Book clubs can be challenging, but a few important hacks can make for a fun, relaxing experience. One of the best tips I have for running book clubs in your classroom is to find other people to help during meeting time. This does take time, but it’s so worth the effort.
Why take the time to find volunteers?
The most important reason I take my time to find people to help is that my students take their book club reading and work more seriously if they know there are others who will be listening and participating in their meeting. Of course many students have internal motivation to always do their best, but there are those students who need the extra incentive.
The guests who join our book clubs show my students that people in the world actually sit and talk about books. For some students, this is a HUGE revelation! I know I hate to admit it, but I have students who actually think that the only reason to read a book is because…wait for it…
the teacher tells me to!
Ahhhhh!! I cringe when I think of this, but it is true. (I was one of these students back in the day.)
It’s these students that I most want to engage. Having outside people express an interest in not only what they think, but what they think about a book, is a tremendous motivation factor.
Of course I want to reach all students, and Book Clubs do this because they are inherently differentiated. This is a bonus for the teacher because you are freed up to focus more of your attention on those students who need you, not on finding ways to differentiate.
So where do I find volunteers?
Everywhere. Here’s my list:
1. Retired teachers, support staff, and principals. Quite often I contact people who’ve previously worked in our district or that I know have recently retired. They are happy to keep their hands in the mix. It’s a short stint back in the classroom without the responsibilities of teaching. This past session of book clubs, I had a 1-1 classroom aide whose student transferred schools. She still had to be here but had nothing to do! Boy did I luck out!
2. My neighbors. If I know there’s a retiree or someone who has free time, I’ll ask if they’re interested. I have a retired neighbor who’s been participating in book clubs for about seven years now. She looks forward to it, and she’s told her friends! Now I have several people I call when looking for volunteers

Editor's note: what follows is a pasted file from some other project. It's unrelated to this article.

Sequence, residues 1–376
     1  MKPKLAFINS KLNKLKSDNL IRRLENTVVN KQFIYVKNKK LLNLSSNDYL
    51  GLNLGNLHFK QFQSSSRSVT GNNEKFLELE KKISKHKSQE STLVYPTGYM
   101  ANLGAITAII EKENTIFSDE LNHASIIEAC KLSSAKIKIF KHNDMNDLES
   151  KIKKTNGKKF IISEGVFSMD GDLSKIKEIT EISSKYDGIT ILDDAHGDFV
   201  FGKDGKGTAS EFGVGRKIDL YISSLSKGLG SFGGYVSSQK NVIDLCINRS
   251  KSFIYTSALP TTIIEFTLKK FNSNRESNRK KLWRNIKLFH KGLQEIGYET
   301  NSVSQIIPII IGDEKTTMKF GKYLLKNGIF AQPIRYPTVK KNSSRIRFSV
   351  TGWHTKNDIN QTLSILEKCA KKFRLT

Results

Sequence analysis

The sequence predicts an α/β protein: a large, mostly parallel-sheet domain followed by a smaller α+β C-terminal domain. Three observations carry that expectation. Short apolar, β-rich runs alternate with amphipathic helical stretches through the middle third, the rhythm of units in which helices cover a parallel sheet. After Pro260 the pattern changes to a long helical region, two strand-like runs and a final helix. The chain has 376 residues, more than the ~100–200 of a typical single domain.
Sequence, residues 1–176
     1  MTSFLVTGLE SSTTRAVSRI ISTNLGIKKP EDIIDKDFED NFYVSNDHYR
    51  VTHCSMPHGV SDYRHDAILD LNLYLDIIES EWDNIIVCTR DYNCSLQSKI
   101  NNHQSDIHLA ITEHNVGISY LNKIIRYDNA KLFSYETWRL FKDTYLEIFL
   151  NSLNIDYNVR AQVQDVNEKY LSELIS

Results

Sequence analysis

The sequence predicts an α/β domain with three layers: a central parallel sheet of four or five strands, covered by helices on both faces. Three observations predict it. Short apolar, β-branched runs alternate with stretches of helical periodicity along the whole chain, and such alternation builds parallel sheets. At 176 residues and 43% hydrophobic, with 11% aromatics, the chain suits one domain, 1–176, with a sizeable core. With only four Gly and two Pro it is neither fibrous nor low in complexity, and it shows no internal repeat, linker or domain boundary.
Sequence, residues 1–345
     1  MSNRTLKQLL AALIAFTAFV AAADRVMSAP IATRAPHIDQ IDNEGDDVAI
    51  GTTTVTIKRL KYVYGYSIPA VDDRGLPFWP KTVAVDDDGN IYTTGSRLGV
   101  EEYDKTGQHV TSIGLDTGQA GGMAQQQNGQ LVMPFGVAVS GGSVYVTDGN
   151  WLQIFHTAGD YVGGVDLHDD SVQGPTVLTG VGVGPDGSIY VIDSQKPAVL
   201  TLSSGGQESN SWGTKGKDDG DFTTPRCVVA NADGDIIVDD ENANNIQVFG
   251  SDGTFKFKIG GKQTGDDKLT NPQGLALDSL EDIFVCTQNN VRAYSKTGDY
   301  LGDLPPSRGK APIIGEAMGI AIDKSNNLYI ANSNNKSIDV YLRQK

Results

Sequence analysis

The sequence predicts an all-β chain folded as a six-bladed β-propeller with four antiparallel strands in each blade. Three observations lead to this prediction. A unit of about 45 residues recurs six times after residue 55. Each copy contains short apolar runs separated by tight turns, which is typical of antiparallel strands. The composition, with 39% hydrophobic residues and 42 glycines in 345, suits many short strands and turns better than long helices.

3. The senior center. Many people in your community want to volunteer, but they just don’t know how. I stop by the local senior center and put up a notice with my phone number attached.
4. In the grocery store. I know this sounds silly, but my most recent community member volunteer came from an encounter in the produce aisle. She was the town librarian when my daughter was growing up. We got to talking and she expressed an interest in participating.
5. Your students’ families. Even though Mom or Dad may not be free to attend (although they may be), other family members might very well be available. I’ve had aunts, grandmas, and older siblings participate. In fact, I still have a volunteer grandparent of a student who’s now in college. She’s been helping out for years and loves it!
6. Your school site. I ask the librarian, and she’s always available. Another possible resource is older students on campus. I work at a middle school for grades 6-8. This last session of book clubs, I had two 8th grade boys who wanted to participate in my 6th grade book club session. They are previous students. It worked out that my meeting times were during their ELA class.